She participates with cleaning, cooking, gardening and organizing! 

We read a lot of poems and books that are about animals, plants, true stories, history, science and more!  We will stay away from fantastical stories until she turns about 6 years old.  Children from age 0–6 are working hard to understand their world and so we give only true and possible information. 
We do not have any of the math and language materials she uses in the classroom in our home.  She has a doll house, stuffed animals, child appropriate instruments, blocks, baby dolls, animal replicas, puzzles, writing supplies, simple art supplies, sewing, etc.  The toys do somehow accumulate so we have a Toy Cabinet so that we have only some of her toys out at a time.  She knows that the toys in the cabinet are “out of rotation” and the toys on her shelf are “in rotation”.   She lets us know if she has something she’d like to put away in exchange for something from the cabinet.  This allows our environment to be simple and keeps it from becoming overwhelming.  It’s hard to keep up with too many toys.

Music is a big part of our lives.  My husband plays guitar and harmonica and sings songs.  Even if you aren’t a musician, you can sing songs.  Find music you love that has kind words, beautiful thoughts and rich language.  We love Elizabeth Mitchell.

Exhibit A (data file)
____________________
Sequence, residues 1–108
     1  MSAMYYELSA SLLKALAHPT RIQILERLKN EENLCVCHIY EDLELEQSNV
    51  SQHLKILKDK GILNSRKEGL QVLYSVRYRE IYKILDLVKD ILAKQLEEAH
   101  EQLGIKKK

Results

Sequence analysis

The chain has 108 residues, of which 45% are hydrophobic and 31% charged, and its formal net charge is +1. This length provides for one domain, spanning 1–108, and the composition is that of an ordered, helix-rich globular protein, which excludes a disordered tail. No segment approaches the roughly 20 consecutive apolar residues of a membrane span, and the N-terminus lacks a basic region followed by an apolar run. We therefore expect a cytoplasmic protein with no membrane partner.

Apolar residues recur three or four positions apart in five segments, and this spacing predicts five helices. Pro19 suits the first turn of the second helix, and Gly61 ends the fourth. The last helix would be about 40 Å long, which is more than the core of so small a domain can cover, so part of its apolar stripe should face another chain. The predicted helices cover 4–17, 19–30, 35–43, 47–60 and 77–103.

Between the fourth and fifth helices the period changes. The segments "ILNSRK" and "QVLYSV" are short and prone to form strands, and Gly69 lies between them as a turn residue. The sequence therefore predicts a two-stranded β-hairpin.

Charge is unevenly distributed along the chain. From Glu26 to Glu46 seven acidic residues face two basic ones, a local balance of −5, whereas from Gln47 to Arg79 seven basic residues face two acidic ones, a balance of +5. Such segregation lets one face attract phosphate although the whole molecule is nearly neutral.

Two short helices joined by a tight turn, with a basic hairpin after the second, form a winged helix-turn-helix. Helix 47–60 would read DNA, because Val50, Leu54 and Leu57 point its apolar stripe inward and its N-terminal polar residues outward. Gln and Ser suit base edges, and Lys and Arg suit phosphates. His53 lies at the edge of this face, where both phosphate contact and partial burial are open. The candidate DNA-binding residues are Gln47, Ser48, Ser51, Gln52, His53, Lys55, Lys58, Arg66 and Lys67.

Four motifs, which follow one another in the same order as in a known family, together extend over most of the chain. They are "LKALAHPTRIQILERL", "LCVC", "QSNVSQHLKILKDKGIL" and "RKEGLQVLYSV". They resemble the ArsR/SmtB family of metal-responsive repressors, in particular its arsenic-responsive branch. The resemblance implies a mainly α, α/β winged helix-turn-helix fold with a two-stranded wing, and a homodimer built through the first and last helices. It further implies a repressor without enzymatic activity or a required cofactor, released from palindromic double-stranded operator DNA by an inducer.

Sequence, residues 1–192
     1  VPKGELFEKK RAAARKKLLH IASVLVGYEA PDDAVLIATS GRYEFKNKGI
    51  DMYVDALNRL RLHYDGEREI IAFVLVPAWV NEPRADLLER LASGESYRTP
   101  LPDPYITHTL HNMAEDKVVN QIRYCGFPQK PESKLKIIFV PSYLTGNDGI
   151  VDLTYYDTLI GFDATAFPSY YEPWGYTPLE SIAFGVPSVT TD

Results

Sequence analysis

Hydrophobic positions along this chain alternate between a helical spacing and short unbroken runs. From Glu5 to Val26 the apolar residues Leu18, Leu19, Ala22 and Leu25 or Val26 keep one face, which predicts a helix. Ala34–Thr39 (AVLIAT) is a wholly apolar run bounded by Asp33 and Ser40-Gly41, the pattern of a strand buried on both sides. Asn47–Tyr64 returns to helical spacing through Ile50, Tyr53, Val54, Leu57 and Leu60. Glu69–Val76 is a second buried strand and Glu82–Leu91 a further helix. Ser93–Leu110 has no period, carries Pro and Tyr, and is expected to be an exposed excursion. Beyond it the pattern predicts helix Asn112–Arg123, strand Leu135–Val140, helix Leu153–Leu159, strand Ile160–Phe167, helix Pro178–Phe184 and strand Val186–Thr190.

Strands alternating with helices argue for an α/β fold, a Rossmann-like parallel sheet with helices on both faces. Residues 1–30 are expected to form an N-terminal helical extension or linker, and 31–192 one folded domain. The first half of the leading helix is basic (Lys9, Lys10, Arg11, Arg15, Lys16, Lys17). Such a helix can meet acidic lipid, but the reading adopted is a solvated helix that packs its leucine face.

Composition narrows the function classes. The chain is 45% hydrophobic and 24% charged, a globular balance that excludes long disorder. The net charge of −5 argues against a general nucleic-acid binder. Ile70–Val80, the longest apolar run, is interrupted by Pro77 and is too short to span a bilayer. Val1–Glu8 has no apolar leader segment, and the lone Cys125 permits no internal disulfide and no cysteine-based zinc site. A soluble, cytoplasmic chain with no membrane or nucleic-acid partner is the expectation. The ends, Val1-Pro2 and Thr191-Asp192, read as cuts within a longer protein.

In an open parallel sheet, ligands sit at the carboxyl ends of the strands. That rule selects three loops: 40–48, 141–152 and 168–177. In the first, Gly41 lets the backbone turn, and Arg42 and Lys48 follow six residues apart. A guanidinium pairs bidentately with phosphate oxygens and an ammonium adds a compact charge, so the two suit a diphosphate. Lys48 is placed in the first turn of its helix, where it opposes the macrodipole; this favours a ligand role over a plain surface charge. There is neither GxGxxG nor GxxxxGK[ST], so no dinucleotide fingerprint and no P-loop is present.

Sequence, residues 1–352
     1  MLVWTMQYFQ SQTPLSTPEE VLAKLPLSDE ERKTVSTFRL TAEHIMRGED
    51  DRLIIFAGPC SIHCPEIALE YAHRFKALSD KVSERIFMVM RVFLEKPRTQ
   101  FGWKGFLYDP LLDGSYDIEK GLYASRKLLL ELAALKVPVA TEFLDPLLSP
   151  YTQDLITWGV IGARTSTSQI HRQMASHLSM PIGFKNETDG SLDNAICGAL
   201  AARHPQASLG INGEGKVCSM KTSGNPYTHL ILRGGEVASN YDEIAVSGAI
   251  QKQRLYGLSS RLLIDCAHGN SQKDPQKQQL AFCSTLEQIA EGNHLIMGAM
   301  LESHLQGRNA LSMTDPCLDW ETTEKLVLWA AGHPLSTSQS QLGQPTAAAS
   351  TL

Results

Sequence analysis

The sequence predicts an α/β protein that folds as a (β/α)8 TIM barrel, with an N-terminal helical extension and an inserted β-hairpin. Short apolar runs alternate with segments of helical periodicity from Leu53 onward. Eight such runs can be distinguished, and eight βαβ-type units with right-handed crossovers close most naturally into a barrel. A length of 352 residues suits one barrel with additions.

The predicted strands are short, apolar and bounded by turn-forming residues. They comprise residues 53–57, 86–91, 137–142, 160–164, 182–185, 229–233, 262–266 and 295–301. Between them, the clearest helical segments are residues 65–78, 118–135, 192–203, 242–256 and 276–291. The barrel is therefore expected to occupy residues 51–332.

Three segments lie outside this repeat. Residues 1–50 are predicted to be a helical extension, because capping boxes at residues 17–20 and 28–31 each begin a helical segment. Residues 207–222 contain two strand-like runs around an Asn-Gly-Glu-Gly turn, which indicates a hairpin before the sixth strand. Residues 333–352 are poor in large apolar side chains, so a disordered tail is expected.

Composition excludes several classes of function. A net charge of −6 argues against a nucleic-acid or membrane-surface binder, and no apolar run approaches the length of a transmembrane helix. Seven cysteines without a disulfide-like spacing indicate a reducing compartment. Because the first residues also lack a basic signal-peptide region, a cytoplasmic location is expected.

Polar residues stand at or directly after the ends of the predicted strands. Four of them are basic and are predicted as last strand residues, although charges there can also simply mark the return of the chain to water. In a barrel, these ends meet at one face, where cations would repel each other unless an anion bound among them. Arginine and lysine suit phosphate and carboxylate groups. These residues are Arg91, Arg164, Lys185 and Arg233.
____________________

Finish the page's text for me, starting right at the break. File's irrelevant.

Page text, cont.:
This list just touches on our Montessori lifestyle.  We continue to observe, learn and improve along the way.  There is always more to discover, implement and enjoy.

Visit Janice's shop to view some of her amazing products!


  1. I found this to be very informative. As someone who has heard the word Montessori many times, I'm curious as to what actually happens in the classroom. I would love to know some examples of things kids do while at school. I am married, do not have plans for kids any time soon (obviously the LORD is going to allow me to get prego now bc I said that haha) and am very much career focused at this point. I do however read a LOT of blogs written by moms with young kids. I'm curious as to how Janice's home is any more 'Montessori' than other people who talk about their 'natural lifestyle' and mention many of the same traits in their home (cloth diapers, natural material toys, healthy food, etc). What is the difference between a Montessori styled approach and a 'granola' approach? Pure curiosity here, no negativity or judgement at all! I JUST WANT TO LEARN hahha!

    1. Hey Ana, I really want to answer your question but I don't know how to! lol! I think Montessori is more about learning through our senses as well as a more organic approach to learning (no set "schedule" or "routine"). There is a very specific way that they teach kids to read and learn math, etc. Those technical areas I'm not aware of. I'm sure "granola" parents may enjoy montessori education, but not always. Here's a great article I read about Montessori kids having an edge over traditionanly educated kiddos: